Other Half Brewing in London, 30 September 2015

I had a chance to collar Sam Richardson, one of the partners of Other Half Brewing, on the occasion of the Brooklyn brewery’s tap takeover at the King’s Arms on Buckfast Street at the end of September. After that brief candid chat, a few choice quotes stuck in my mind. Here they are, in no particular order, along with my thoughts.

“I don’t think the IPAs travelled particularly well. If I was to do this again, I’d have them flown over.”

This statement of candour from the person who made the beer was more than appreciated. Quite often, you get a brewery rep, excited about the prospect of opening or expanding a market, wax lyrical about the quality of the beer the punters are sampling. While around me London beer fans were sampling and complimenting the flavors of the various IPAs the pub had on from Other Half, I couldn’t help but think there was a certain muted characteristic to them, or a lack of balance. The double IPA, All That and Then Some, in particular had a harsh boozy heat to it that I wouldn’t expect from such a hyped brewery.

According to Richardson, the beers had arrived via normal channels, by definition spending about a month at sea. However, with the size of their production, getting enough kegs for an event of this type meant that some beers inevitably waited for some time before the full quantity was shipped out. Compared to the freshness of India Pale Ales in the United States, the difference was marked. At the same time, it highlighted the quality and freshness of IPA available from domestic producers in the UK.

“This isn’t a sales thing for us. It’s an excuse to get over here, see what’s happening.”

Other Half are a small brewery. They are not in a position to export outside New York state, let alone outside the United States. This one-off was as much a learning experience for the brewery partners and a chance to network as it was for us drinkers to get to try their beers. Richardson did mention that they had space in their marketing budget for events like this, and I am glad they chose to use it this way, as the beers were by and large very, very good. The wood-aged and sour beers, in particular, were absolutely stunning.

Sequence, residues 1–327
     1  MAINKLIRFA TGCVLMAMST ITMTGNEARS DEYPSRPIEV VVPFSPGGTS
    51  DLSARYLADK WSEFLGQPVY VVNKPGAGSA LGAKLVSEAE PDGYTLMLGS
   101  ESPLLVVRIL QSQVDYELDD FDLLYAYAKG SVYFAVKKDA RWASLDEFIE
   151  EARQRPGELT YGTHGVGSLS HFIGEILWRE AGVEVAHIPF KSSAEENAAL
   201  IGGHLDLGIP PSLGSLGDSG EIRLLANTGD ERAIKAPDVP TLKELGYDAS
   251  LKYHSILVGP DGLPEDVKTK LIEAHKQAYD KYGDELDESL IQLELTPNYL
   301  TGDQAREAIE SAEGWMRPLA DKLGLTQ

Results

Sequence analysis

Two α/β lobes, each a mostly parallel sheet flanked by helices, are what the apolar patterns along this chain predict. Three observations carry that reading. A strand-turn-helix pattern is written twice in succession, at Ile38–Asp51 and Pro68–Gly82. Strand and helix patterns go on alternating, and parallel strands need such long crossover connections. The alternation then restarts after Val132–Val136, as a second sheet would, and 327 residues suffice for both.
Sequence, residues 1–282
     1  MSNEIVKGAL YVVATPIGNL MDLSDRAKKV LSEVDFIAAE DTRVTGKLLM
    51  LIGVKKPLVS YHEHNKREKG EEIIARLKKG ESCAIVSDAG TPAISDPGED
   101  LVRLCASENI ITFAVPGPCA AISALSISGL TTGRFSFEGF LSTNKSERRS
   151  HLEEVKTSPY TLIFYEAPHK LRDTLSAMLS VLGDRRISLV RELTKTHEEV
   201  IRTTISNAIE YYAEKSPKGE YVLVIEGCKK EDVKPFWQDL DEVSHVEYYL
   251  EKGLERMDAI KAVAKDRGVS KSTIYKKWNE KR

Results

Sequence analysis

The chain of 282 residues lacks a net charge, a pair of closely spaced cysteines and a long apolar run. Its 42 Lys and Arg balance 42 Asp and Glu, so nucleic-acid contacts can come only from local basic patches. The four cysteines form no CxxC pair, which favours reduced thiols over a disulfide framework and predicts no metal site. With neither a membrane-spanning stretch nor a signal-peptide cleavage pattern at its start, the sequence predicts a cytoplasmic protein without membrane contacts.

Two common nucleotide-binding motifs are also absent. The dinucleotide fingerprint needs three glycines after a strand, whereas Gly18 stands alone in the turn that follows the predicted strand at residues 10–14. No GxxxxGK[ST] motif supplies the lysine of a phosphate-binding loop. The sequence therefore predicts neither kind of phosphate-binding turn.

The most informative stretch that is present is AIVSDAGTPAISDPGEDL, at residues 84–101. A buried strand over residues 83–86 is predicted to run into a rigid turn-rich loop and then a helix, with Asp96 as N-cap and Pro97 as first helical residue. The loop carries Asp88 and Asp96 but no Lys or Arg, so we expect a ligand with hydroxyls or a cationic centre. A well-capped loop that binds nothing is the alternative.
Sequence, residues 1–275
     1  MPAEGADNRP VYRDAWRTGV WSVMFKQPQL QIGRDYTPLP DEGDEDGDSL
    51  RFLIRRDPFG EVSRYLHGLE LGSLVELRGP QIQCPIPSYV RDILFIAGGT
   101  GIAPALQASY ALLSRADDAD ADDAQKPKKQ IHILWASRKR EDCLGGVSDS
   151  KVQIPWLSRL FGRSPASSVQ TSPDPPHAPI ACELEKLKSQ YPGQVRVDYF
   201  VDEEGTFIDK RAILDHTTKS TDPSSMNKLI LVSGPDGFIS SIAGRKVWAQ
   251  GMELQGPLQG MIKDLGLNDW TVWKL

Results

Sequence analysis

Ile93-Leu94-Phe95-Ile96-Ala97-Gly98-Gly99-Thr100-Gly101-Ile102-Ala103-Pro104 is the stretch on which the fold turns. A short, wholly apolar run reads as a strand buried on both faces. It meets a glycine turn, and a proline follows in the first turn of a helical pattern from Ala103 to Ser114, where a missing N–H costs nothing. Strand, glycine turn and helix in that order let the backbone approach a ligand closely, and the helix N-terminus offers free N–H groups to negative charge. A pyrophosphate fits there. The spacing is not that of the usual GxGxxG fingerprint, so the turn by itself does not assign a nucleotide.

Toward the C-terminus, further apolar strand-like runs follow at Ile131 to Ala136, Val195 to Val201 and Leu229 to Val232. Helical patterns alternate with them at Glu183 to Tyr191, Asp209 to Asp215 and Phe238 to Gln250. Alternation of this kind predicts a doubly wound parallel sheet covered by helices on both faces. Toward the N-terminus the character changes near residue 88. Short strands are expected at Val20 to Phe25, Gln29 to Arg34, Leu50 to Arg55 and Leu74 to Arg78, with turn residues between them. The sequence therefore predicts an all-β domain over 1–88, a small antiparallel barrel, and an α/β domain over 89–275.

“I don’t go to the Great American Beer Festival anymore”.

The US craft beer scene is huge compared to anything that is happening in the UK. The fact that a brewer can choose to deliberately distance themselves from the hoolabaloo that is the spectacle of GABF and still gain a momentous following is encouraging to artisan producers who do (necessarily) court mass markets. The fact that in a country as brimming with fresh, innovative beers as the United States, a brewery that is less than two years old can make waves like Modern Times have is encouraging to everyone interested in beer. There is scope for cool things, and we can expect to see plenty, even with the consolidation and acquisition initiated by the big breweries.

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